The author of this fascinating book was an intelligence officer in a unit of the Provisional IRA, in the town of Newry in Northern Ireland, in the 1980s. Later, he broke under British interrogation and gave evidence against his former comrades. Though he later retracted the evidence, he was subsequently murdered, almost certainly by individuals linked to the republican movement. The book details the author’s reasons for joining the IRA, and his role in the movement’s armed campaign. Collins’s task was to seek out individuals linked in one way or another to British forces in the Newry area and then to facilitate their killing by the IRA. The book is written from a position of deep disillusionment with the campaign in which the author was engaged. It offers unique insight into some of the workings of this organization, and into the nature and motivations of the people involved.   

By Eamon Collins, Mick McGovern,

Why should I read it?

1 author picked Killing Rage as one of their favorite books, and they share why you should read it.

What is this book about?

This is an account of how an angry young man can cross the line that divides theoretical support for violence from a state of 'killing rage', in which the murder of neighbour becomes thinkable. Over 3000 people have died in Northern Ireland since 1969, and most of them have died at the hands of their neighbours. The intimacy of the Ulster conflict, what it means to carry out a political murder when in all probability the victim is personally known, or lives in a nearby street, is described accurately by an honest participant. The book does not attempt to soften…


Book cover of Mirror to Damascus

Dawn Chatty Author Of Syria: The Making and Unmaking of a Refuge State

From my list on capturing the essence of Syria and its people.

Why am I passionate about this?

I'm a social anthropologist who has lived, dreamed, and worked in Syria most of her life. Having spent my childhood in Damascus I always yearned to return. After completing my PhD at the University of California, Los Angeles, in the economy of modern Bedouin Tribes, I won a Fulbright award to teach at the University of Damascus. Since then, Damascus has been at the centre of my academic and social life. I met my husband there, a British helicopter pilot, sent there to learn Arabic. I'm an emeritus professor of anthropology and forced migration at the University of Oxford and my research has been on the forced migrant communities who make up Syria’s cosmopolitan society.

Dawn's book list on capturing the essence of Syria and its people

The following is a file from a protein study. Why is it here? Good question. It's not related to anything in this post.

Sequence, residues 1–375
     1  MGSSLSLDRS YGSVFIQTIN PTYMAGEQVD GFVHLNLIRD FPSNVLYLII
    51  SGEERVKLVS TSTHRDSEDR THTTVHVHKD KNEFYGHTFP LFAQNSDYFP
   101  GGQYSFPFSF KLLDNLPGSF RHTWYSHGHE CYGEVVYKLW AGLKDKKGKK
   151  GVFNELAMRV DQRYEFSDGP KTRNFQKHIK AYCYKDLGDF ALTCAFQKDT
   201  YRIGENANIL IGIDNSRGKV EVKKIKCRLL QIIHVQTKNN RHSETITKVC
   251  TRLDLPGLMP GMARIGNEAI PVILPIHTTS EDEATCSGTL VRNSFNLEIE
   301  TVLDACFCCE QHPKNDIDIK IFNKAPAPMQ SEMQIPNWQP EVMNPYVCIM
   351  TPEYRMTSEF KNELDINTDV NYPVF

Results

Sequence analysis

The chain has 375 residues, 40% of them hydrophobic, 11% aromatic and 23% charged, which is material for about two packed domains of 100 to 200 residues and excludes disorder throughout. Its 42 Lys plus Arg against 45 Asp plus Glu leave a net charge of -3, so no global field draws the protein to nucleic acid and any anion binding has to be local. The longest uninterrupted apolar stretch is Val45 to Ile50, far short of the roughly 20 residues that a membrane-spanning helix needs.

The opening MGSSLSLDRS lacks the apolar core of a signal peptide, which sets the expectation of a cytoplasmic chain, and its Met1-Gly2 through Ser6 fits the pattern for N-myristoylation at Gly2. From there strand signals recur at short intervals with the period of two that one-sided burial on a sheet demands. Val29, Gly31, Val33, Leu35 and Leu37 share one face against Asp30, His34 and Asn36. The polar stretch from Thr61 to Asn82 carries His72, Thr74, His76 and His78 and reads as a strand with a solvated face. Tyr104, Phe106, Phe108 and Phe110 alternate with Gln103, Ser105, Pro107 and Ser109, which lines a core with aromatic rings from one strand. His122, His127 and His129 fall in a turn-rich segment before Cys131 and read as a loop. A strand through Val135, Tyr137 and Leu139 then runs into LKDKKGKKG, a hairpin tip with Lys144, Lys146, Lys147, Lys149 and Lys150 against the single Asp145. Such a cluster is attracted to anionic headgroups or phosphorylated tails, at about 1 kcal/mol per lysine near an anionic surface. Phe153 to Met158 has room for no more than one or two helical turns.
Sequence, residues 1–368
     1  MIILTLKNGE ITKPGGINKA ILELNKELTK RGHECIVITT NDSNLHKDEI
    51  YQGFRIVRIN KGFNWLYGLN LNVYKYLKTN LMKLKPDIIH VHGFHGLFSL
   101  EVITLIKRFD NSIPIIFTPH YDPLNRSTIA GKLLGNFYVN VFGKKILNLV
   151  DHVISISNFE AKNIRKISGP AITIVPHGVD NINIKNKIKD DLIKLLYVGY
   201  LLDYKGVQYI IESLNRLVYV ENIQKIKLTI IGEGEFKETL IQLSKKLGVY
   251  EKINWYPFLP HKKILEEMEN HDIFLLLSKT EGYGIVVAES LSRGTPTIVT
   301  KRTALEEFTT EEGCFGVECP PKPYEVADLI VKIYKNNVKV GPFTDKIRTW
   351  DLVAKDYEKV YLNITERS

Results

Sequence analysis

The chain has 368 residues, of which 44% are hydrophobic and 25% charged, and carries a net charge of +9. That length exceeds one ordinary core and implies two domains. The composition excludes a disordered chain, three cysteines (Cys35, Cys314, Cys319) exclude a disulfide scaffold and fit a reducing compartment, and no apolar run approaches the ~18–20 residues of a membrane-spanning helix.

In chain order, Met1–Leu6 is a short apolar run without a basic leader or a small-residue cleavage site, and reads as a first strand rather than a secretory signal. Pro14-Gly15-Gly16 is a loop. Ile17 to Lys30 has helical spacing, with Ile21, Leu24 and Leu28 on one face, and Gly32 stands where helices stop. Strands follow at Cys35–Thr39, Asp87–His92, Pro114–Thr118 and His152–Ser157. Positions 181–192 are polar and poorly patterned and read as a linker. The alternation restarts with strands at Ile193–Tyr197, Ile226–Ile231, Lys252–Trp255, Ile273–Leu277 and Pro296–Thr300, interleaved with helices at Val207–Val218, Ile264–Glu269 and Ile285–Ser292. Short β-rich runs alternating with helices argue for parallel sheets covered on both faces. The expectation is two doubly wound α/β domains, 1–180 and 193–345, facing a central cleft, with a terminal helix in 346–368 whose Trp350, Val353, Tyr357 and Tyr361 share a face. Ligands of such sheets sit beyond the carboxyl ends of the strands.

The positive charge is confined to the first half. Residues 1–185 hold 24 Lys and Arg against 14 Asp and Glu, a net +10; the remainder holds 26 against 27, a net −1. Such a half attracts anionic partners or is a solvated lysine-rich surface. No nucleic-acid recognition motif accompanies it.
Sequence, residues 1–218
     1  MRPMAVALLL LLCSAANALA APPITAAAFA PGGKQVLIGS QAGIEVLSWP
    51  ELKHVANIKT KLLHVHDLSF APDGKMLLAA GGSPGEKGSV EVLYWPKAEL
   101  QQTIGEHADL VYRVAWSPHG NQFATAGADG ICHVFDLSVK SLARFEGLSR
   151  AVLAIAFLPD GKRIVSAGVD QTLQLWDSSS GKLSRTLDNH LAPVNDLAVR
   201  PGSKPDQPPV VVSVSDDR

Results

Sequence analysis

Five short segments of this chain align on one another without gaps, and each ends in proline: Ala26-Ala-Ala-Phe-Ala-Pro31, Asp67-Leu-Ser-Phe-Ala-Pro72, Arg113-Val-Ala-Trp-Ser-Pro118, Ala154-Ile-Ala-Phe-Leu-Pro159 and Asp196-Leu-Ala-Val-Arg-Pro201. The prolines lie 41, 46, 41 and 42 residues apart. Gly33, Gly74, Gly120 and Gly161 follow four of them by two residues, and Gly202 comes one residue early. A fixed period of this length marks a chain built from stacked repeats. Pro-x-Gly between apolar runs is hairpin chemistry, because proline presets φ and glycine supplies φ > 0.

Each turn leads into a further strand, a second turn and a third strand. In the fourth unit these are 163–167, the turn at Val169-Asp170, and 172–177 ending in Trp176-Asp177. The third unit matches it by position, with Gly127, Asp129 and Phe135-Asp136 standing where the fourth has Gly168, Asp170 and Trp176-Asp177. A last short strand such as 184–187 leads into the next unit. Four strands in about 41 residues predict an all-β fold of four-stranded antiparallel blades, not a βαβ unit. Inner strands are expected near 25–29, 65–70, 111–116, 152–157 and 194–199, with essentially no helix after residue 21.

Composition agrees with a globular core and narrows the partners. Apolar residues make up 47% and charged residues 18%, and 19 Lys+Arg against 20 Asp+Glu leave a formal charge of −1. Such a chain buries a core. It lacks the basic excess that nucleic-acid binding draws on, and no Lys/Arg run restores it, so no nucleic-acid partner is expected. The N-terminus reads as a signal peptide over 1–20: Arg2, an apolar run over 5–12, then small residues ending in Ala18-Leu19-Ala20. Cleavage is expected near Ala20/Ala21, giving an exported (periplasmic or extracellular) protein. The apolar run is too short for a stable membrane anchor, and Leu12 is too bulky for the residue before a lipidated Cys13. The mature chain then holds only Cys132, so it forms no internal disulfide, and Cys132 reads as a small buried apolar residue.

Dawn Chatty Why did Dawn love this book?

I found this book in a bookstore in Damascus in 1977 during a two-year Fulbright teaching post at the University of Damascus. Far more than a travel writer’s account of the city – the first in maybe 100 years it was a ‘love note’ to a city that had enchanted the young traveler. Reading it opened my eyes to the immense charm of the city and many of its secrets. Colin Thurbon returned to Damascus 50 years later in 2017 and found the city empty of tourists again. The first time, because it had not yet been ‘discovered’  by European tourists, and the second time because all the tourists had left. But the old city was much unchanged by the Syrian civil war with only limited damage to the Tomb of Salaheddin next to the monumental and breathtakingly beautiful Umayyad mosque.  

By Colin Thubron,

Why should I read it?

1 author picked Mirror to Damascus as one of their favorite books, and they share why you should read it.

What is this book about?

A 50th anniversary edition of Colin Thubron's celebrated first book, a portrait of Syria's capital city, with a new introduction by the author.

Described by the author as simply 'a work of love', Mirror to Damascus provides a rich and fascinating history of Damascus from the Amorites of the Bible to the revolution of 1966, and is also a charming and witty personal record of an extraordinary city.

In explaining how modern Damascus is rooted in immemorial layers of culture and tradition, Colin Thubron explores the historical, artistic, social and religious inheritance of its people. Along the way, he shares…


Book cover of Burning Country: Syrians in Revolution and War